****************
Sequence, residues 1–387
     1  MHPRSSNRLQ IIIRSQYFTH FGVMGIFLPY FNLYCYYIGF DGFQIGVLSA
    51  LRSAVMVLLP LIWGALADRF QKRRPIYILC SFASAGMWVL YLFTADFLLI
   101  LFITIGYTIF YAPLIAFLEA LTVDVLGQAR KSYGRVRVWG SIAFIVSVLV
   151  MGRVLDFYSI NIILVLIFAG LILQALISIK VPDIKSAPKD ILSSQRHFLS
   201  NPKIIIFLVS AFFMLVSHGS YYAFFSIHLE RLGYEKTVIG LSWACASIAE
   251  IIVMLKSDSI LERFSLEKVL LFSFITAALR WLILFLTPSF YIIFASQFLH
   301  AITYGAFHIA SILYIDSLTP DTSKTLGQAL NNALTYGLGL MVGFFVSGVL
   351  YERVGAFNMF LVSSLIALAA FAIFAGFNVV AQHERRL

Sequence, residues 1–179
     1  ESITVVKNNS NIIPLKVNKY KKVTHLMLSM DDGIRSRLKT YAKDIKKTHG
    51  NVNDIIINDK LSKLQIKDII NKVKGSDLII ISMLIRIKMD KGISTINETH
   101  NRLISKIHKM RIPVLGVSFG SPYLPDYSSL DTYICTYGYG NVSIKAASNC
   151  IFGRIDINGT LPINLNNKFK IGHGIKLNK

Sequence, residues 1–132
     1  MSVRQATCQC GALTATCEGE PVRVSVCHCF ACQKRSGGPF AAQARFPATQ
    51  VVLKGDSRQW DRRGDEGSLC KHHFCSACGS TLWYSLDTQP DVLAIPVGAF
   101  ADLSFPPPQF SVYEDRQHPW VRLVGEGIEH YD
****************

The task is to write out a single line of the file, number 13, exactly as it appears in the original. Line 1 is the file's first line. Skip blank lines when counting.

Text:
   101  NRLISKIHKM RIPVLGVSFG SPYLPDYSSL DTYICTYGYG NVSIKAASNC